Verdejo Grape: A Spanish Jewel Rediscovered
Verdejo, a venerable wine grape variety with roots tracing back to North Africa, found its sanctuary in the sun-drenched vineyards of Spain’s Rueda region. Originating in the 11th Century, Verdejo was almost lost to obscurity until the determined efforts of local winegrower Ángel Rodríguez Vidal resurrected its prominence in the mid-20th century, earning him the Cross of the Order of Agricultural Merit.
The success story of Verdejo in Rueda can be attributed to the climatic conditions and soil profiles that grace this region. The grape thrives in the warmth of the Spanish sun, with temperatures often reaching 28–30 °C (82–86 °F) in September. However, the strategic harvesting at night ensures a gentler entry into the cellar at cooler temperatures, reducing oxidation and preserving the purity of the grape’s character.
Verdejo’s aromatic profile is a seductive symphony, a result of the grape’s expressive nature. The wines emanate soft and alluring fragrances, inviting the senses with a bouquet that hints at the grape’s rich history. The influence of French oenologist Émile Peynaud, collaborating with Marqués de Riscal in the 1970s, ushered in a fresher style of white wine based on Verdejo. This innovation led to the recognition of Rueda as a Denominación de Origen (DO) in 1980.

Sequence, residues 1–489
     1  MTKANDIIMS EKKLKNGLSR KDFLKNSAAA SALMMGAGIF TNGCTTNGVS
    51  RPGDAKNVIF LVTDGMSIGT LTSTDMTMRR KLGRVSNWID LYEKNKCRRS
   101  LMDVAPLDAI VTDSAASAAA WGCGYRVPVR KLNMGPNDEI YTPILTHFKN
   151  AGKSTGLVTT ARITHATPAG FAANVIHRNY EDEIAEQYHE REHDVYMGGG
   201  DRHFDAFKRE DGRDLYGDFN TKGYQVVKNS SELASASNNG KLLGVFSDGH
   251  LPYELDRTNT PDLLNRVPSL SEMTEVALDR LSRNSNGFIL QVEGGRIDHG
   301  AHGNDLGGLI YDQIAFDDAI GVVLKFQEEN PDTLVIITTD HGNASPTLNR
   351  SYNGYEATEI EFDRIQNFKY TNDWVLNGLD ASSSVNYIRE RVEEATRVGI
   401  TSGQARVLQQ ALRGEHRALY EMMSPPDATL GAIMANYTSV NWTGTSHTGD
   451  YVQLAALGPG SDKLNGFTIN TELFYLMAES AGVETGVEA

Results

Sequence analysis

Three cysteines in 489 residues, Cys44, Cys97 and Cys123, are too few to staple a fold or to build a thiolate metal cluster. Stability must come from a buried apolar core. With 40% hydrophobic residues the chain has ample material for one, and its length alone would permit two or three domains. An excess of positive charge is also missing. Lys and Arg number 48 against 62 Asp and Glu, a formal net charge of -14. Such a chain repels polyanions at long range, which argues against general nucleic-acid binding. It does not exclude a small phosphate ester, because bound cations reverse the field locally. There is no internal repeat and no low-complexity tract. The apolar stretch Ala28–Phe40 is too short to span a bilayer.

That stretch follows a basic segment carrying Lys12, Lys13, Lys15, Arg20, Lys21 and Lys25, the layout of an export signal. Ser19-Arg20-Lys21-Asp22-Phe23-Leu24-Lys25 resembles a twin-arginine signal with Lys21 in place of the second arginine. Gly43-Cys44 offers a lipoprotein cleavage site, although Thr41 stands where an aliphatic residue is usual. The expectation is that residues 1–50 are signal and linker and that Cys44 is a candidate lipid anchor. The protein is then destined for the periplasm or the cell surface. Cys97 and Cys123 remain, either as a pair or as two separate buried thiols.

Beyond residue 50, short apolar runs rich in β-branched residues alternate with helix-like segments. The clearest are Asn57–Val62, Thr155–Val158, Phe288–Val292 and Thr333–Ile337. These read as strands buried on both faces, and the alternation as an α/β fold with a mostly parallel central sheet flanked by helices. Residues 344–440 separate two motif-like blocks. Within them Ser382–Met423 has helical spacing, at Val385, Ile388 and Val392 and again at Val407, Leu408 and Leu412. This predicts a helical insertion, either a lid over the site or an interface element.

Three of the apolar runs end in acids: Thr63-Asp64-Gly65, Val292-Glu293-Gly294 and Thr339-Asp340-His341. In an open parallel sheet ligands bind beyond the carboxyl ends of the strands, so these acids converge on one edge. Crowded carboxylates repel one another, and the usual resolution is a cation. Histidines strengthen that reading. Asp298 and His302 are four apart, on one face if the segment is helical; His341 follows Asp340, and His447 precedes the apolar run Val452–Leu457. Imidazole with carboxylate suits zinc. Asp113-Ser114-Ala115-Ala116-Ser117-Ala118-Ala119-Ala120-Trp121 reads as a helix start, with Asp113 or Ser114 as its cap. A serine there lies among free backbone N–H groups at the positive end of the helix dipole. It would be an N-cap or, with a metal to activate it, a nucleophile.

Verdejo wines, designated “Rueda Verdejo,” proudly showcase the grape’s versatility. These wines must contain a minimum of 85% Verdejo, often presenting as 100% Verdejo expressions. The remaining blend typically features Sauvignon blanc or Macabeo, adding nuanced layers to the final product.
Tasting Verdejo wines is an experience in itself. The palate is greeted with a delightful interplay of softness and full-bodied richness. The careful night harvesting ensures a lower temperature for the grapes, preserving their vibrancy and minimizing oxidation. The result is a wine that embodies the essence of the Rueda terroir and Verdejo’s unique character.
In conclusion, Verdejo has transcended its near-extinction, emerging as a Spanish jewel celebrated for its aromatic allure and captivating taste. Rooted in the ancient soils of Rueda, this grape continues to tell a story that spans centuries, inviting wine enthusiasts to savor the richness of history in every sip.